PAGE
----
MB: In a previous interview you said that none of your portraits were pre-planned. Can you tell us peoples reactions to your 4x5 camera? Were they more willing because of the format? How do you think their reaction would have changed if you attempted the same portraits with digital equipment?
NW: Most of the portraits were made in the mornings, so I’d already established a relationship with the people. The 4x5 definitely helped though. People seem to be more excited about having their picture taken on one of these cameras. I find that – because of how long it takes me to set up and focus – the subjects adopt a much more relaxed body position, because they’ve been stood there waiting for quite a while!
MB: The bothy code published online states some rules regarding the use of these structures. To sum them up they are: leave things how you found them, and essentially practice leave no trace principles. They also encourage someone to replace an item they use or leave extra for the next visitor. Did you ever find anything interesting that you can remember? What did you leave behind for the next person to find?
NW: Sometimes people take this too far and end up leaving behind items that attract mice. But items such as matches and firelighters are always welcome. If I had time to kill I’d try and restock the firewood using any fallen branches I could find.
MB: If you had to give one piece of advice to someone who has never stayed in a bothy, what would you tell them?
NW: Don’t expect to find firewood left behind, so bring your own fuel. And take your rubbish with you.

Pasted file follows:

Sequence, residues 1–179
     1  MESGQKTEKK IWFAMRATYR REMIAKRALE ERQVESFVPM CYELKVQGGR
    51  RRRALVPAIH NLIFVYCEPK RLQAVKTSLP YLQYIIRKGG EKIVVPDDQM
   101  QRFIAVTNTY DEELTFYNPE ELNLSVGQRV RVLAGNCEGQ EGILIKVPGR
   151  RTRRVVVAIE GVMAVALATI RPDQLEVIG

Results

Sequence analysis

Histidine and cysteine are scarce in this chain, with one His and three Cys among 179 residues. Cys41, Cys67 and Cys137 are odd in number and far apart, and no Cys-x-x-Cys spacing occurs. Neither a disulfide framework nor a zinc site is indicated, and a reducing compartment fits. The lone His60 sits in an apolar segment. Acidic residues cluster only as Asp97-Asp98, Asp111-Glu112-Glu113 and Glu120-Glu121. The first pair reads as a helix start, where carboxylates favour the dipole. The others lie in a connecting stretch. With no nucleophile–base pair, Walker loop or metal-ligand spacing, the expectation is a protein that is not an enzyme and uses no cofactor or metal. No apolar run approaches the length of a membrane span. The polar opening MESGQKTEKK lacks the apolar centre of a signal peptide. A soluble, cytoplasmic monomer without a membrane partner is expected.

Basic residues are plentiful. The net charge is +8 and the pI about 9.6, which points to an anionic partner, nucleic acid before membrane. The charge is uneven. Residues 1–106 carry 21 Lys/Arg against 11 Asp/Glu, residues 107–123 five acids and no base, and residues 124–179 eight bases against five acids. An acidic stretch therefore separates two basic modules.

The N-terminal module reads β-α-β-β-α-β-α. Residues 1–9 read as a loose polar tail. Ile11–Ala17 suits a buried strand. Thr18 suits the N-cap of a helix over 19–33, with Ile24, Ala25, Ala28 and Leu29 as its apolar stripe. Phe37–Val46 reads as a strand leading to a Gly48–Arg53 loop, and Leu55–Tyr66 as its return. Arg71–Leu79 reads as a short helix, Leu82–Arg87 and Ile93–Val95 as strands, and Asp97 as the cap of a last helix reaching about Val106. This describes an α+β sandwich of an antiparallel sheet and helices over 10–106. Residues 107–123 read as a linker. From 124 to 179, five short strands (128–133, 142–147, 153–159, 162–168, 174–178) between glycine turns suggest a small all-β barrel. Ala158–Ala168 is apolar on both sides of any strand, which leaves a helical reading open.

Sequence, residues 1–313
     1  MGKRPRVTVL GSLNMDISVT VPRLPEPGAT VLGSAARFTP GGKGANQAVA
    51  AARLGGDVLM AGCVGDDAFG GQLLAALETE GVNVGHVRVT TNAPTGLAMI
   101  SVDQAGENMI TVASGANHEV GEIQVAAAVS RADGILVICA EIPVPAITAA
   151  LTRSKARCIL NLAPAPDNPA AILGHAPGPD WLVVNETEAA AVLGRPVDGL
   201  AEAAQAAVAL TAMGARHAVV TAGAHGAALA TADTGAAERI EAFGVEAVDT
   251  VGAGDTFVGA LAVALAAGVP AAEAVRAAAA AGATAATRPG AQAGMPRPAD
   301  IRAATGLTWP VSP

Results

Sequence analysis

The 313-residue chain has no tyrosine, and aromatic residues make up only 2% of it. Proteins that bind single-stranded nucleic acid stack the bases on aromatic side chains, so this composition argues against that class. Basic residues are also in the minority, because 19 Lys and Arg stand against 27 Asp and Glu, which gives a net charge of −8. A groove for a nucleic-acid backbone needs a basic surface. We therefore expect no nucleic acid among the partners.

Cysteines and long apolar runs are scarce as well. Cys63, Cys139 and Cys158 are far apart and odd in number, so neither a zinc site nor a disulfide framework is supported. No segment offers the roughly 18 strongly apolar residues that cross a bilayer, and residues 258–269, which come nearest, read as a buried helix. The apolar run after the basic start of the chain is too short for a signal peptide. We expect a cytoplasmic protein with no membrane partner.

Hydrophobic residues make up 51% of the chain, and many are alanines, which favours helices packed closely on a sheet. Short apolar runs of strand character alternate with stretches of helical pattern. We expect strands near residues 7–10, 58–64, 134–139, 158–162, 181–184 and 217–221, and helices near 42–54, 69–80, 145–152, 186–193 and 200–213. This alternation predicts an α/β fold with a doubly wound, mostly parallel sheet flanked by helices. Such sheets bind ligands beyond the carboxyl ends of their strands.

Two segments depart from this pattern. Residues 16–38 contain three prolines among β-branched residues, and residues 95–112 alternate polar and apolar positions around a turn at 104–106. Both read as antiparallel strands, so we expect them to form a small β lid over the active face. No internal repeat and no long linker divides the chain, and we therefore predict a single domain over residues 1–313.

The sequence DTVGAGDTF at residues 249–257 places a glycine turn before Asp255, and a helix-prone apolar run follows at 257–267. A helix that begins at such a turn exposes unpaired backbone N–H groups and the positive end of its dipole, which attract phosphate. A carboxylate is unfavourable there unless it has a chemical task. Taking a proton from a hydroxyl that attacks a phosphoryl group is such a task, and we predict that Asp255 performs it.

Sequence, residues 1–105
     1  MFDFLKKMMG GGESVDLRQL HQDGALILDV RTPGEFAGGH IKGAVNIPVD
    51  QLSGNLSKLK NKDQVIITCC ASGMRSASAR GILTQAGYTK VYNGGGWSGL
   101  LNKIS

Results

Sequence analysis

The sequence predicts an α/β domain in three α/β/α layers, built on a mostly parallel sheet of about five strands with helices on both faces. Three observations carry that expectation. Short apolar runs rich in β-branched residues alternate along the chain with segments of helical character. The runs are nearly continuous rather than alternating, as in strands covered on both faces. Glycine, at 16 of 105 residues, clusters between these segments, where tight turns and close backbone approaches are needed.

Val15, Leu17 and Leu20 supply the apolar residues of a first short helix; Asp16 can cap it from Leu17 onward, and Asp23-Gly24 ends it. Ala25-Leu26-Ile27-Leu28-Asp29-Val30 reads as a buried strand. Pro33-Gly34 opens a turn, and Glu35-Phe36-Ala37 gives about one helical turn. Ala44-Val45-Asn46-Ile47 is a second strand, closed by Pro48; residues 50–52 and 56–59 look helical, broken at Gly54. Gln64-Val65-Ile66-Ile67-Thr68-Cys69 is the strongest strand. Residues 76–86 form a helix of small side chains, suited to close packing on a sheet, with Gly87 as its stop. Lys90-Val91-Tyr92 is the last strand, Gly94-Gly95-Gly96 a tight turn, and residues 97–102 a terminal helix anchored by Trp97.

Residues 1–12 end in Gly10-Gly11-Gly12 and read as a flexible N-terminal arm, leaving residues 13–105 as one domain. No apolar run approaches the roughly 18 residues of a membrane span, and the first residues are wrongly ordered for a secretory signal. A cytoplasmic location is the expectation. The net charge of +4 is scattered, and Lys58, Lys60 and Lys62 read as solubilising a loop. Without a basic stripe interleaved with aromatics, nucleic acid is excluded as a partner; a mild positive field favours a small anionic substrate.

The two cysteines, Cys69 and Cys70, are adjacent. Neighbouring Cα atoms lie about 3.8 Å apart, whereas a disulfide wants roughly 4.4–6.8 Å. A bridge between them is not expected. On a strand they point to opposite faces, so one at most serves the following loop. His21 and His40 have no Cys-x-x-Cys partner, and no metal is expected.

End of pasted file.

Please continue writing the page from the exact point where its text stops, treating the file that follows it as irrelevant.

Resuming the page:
MB: On the topic of Leave No Trace: do you think bothies take away from the true wilderness of Scotland? Do you think they actually help conserve the wildlife around them by providing a central place for human activity? What are your thoughts on conserving nature? Are you a conservationist? How do you view our planet and humanities effect on it?
NW: Many of these bothies have been converted from already existing structures belonging to various estates. They’re not an eyesore in my opinion and are relatively few and far between. I would like to think that the vast majority of people who venture out into our wild spaces would consider the preservation and protection of these landscapes to be of great importance. I’m not sure whether I would describe myself as a “conservationist”, however I do feel very strongly about peoples attitudes towards the natural world. There seems to have been a significant shift in peoples way of thinking over the last few years though, with much more emphasis being put on rewilding initiatives and dialogue surrounding climate change and wilderness conservation.
MB: What could other countries learn from your country’s treatment of nature? Most of your access is available to everyone. Are there fees for traveling certain trails or parks?